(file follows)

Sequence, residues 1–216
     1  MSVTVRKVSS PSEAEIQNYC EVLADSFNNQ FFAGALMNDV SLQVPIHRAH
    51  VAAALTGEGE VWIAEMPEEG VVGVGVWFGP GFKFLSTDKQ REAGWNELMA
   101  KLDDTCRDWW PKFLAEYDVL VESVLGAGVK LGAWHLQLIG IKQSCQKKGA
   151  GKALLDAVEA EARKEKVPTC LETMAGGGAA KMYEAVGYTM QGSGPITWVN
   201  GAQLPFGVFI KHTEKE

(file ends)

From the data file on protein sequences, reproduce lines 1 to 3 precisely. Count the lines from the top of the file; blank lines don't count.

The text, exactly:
Sequence, residues 1–216
     1  MSVTVRKVSS PSEAEIQNYC EVLADSFNNQ FFAGALMNDV SLQVPIHRAH
    51  VAAALTGEGE VWIAEMPEEG VVGVGVWFGP GFKFLSTDKQ REAGWNELMA